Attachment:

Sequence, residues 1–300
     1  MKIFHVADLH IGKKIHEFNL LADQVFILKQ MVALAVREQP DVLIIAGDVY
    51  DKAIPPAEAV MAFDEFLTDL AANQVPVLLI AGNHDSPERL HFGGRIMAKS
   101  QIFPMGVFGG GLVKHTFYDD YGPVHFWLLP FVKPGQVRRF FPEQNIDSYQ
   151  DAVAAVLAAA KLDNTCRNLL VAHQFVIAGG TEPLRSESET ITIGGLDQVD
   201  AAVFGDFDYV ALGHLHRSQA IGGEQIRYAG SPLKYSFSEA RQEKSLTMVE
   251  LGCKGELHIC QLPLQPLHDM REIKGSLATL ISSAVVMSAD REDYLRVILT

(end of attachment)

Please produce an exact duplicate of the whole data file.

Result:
Sequence, residues 1–300
     1  MKIFHVADLH IGKKIHEFNL LADQVFILKQ MVALAVREQP DVLIIAGDVY
    51  DKAIPPAEAV MAFDEFLTDL AANQVPVLLI AGNHDSPERL HFGGRIMAKS
   101  QIFPMGVFGG GLVKHTFYDD YGPVHFWLLP FVKPGQVRRF FPEQNIDSYQ
   151  DAVAAVLAAA KLDNTCRNLL VAHQFVIAGG TEPLRSESET ITIGGLDQVD
   201  AAVFGDFDYV ALGHLHRSQA IGGEQIRYAG SPLKYSFSEA RQEKSLTMVE
   251  LGCKGELHIC QLPLQPLHDM REIKGSLATL ISSAVVMSAD REDYLRVILT